Celani Sikhakhane

If current election campaigns were a game of football, all of South Africa’s big four political parties would be scoring own goals left, right and centre.

The EFF became the most recent laughing stock after a woman wearing party regalia addressed an election rally with the bungled slogan: “Viva ANC Viva!”

Social media showed her no mercy, with the video now trending and putting thousands across the country in stitches.

While the EFF is encouraging people to vote for the ANC, the ANC is kindly returning the favour.

On Tuesday, ANC head of Elections Fikele Mbalula called on South Africans to register to vote… for the EFF.

He tweeted: “ANC President Cyril Ramaphosa to embark on an intensive voter registration drive. #RegisterToVoteEFF”.

This week, Scrolla.Africa reported about the IFP being forced to apologise to New Zulu king Misuzulu kaZwelithini for using his image in a party election poster.

The ANC in KwaZulu-Natal had earlier predicted that IFP founder Mangosuthu Buthelezi would not be able to resist using his proximity to the king to score some political points.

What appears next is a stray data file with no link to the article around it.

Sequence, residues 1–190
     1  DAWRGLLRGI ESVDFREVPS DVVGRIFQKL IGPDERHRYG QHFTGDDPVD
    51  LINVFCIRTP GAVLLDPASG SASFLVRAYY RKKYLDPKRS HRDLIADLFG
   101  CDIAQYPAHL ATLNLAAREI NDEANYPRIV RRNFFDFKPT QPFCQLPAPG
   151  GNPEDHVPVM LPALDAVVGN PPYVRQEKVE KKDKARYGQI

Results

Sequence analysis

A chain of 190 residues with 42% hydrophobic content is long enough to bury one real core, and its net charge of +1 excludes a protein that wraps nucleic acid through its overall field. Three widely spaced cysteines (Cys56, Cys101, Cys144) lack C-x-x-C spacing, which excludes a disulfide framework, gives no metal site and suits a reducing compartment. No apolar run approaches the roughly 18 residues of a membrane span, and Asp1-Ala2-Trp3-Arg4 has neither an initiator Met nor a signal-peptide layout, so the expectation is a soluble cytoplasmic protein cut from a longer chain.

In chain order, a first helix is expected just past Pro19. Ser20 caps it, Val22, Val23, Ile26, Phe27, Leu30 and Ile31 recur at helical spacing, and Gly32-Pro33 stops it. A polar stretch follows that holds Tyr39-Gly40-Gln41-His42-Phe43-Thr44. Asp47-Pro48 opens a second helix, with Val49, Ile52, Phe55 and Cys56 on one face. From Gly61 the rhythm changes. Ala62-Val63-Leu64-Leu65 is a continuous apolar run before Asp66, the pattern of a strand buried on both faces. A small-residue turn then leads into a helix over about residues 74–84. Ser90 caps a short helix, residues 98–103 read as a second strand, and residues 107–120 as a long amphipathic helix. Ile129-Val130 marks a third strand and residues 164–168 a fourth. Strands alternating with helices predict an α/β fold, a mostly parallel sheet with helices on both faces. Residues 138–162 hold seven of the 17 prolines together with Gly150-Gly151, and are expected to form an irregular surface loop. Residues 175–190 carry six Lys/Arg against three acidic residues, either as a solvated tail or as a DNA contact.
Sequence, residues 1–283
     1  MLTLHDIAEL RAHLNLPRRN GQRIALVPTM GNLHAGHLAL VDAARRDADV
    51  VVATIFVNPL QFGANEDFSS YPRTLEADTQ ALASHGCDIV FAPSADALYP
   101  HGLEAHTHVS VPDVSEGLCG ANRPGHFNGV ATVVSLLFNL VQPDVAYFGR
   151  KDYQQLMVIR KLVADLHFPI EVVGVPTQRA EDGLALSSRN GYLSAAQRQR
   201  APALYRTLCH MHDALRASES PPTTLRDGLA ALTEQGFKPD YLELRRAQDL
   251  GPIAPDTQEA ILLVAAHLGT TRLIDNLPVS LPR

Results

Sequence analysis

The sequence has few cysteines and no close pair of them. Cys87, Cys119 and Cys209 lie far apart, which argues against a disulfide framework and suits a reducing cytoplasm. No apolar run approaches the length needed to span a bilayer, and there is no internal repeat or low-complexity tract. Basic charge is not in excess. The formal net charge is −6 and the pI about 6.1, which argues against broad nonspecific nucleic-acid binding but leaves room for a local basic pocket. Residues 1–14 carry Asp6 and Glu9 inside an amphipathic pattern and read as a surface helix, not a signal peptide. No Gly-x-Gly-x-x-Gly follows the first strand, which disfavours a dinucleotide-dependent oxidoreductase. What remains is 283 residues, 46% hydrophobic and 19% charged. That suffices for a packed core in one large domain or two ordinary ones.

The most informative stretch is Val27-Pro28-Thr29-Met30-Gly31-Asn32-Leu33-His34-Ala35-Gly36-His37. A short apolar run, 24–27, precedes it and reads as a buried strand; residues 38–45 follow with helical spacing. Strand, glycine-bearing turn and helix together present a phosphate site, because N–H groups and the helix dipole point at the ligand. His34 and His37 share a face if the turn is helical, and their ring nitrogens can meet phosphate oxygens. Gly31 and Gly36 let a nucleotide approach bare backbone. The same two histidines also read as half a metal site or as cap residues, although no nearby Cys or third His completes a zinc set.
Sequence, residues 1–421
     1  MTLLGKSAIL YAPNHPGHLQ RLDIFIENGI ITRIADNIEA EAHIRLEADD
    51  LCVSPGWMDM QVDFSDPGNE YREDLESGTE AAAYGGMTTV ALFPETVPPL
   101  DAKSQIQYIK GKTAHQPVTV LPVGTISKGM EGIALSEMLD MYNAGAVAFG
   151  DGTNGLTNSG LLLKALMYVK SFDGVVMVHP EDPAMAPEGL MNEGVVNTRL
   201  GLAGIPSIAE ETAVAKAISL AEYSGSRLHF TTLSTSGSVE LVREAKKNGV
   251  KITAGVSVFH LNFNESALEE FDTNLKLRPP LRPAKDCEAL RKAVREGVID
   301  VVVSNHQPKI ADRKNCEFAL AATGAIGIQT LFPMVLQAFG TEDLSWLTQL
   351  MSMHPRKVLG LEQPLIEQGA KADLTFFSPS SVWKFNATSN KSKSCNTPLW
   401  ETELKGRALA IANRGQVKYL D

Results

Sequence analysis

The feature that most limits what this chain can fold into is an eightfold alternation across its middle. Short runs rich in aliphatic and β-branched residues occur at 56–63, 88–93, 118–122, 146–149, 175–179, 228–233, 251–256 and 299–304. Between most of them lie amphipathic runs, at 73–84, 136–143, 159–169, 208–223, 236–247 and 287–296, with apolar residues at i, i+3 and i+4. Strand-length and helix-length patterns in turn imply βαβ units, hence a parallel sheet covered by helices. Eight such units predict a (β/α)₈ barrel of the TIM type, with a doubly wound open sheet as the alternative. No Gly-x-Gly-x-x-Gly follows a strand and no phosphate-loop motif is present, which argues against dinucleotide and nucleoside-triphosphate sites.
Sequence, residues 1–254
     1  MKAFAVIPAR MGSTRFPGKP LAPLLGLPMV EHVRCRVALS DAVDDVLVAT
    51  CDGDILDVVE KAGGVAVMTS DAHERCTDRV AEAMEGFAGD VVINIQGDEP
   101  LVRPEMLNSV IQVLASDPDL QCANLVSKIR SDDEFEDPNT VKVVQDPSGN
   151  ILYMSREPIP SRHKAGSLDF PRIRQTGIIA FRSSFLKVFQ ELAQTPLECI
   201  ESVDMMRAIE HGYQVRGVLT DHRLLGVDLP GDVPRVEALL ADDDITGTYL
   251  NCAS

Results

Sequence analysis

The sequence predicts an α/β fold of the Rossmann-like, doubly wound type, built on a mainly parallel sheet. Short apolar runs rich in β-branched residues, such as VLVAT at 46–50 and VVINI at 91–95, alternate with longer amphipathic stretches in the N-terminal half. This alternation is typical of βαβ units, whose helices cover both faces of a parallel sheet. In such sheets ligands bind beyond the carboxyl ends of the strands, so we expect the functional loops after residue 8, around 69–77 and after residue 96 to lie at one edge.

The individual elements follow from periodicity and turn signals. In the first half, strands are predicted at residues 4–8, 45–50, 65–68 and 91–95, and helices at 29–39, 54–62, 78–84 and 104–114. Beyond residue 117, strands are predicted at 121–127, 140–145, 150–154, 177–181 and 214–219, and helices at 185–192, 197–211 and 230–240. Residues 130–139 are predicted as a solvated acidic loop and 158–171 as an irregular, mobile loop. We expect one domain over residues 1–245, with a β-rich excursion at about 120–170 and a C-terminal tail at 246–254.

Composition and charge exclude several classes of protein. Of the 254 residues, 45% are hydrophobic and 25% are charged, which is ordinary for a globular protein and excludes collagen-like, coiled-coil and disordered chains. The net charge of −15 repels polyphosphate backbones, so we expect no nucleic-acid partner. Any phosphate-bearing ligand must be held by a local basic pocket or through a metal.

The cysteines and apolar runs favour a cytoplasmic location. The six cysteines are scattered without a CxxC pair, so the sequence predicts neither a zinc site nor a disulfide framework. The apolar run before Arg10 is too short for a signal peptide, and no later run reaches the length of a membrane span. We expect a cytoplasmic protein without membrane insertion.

ANCYL activist, Lindokuhle Xulu said that it is high time for King Misuzulu to fire Buthelezi from the position of traditional prime minister. 

The ANC itself became the national mampara last week when one of its municipalities, Enoch Mgijima in Queenstown, rounded up a few dozen villagers to unveil a new R15 million “stadium”.

The stadium turned out to be a crappy patch of ground with a few temporary seats and no roof. 

The Special Investigating Unit (SIU)  is now investigating this public embarrassment of the ruling party.

And lastly, the DA once again misread the mood of South Africans with its posters in Phoenix which were rejected by the community as promoting racial segregation

The posters said the DA saw Phoenix Indians who opened gun fire at black people who approached their properties, potentially to loot them, as heroes.

Another poster said the ANC saw the same people as racists. 

The DA is famous for its own goals on the eve of elections, dating back to their offensive slogan “Fight Back” in the early 2000s.

Black middle class voters who later helped the DA win Port Elizabeth, Johannesburg and Tshwane, found this slogan offensive and anti-black rule and liberation.

Image source: SowetanLive